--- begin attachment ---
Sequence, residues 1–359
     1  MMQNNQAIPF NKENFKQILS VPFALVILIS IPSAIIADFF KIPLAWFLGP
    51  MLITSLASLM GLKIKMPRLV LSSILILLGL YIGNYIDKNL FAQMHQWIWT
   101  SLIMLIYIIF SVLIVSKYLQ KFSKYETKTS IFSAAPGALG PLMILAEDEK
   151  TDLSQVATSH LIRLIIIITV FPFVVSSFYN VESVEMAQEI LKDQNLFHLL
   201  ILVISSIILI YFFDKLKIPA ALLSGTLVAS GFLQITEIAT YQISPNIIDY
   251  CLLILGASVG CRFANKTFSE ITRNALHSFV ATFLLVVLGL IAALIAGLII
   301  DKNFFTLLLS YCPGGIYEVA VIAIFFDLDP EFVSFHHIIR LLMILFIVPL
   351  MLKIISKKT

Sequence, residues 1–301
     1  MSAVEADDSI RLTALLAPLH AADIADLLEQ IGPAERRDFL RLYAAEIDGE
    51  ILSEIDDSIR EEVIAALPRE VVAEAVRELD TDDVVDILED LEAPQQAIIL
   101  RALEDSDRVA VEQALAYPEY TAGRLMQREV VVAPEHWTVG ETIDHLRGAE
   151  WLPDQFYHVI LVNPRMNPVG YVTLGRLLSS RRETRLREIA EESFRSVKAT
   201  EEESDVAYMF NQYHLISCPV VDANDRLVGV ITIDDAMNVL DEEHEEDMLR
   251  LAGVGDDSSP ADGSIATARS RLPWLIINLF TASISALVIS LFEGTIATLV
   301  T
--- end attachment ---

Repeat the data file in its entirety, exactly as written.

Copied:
Sequence, residues 1–359
     1  MMQNNQAIPF NKENFKQILS VPFALVILIS IPSAIIADFF KIPLAWFLGP
    51  MLITSLASLM GLKIKMPRLV LSSILILLGL YIGNYIDKNL FAQMHQWIWT
   101  SLIMLIYIIF SVLIVSKYLQ KFSKYETKTS IFSAAPGALG PLMILAEDEK
   151  TDLSQVATSH LIRLIIIITV FPFVVSSFYN VESVEMAQEI LKDQNLFHLL
   201  ILVISSIILI YFFDKLKIPA ALLSGTLVAS GFLQITEIAT YQISPNIIDY
   251  CLLILGASVG CRFANKTFSE ITRNALHSFV ATFLLVVLGL IAALIAGLII
   301  DKNFFTLLLS YCPGGIYEVA VIAIFFDLDP EFVSFHHIIR LLMILFIVPL
   351  MLKIISKKT

Sequence, residues 1–301
     1  MSAVEADDSI RLTALLAPLH AADIADLLEQ IGPAERRDFL RLYAAEIDGE
    51  ILSEIDDSIR EEVIAALPRE VVAEAVRELD TDDVVDILED LEAPQQAIIL
   101  RALEDSDRVA VEQALAYPEY TAGRLMQREV VVAPEHWTVG ETIDHLRGAE
   151  WLPDQFYHVI LVNPRMNPVG YVTLGRLLSS RRETRLREIA EESFRSVKAT
   201  EEESDVAYMF NQYHLISCPV VDANDRLVGV ITIDDAMNVL DEEHEEDMLR
   251  LAGVGDDSSP ADGSIATARS RLPWLIINLF TASISALVIS LFEGTIATLV
   301  T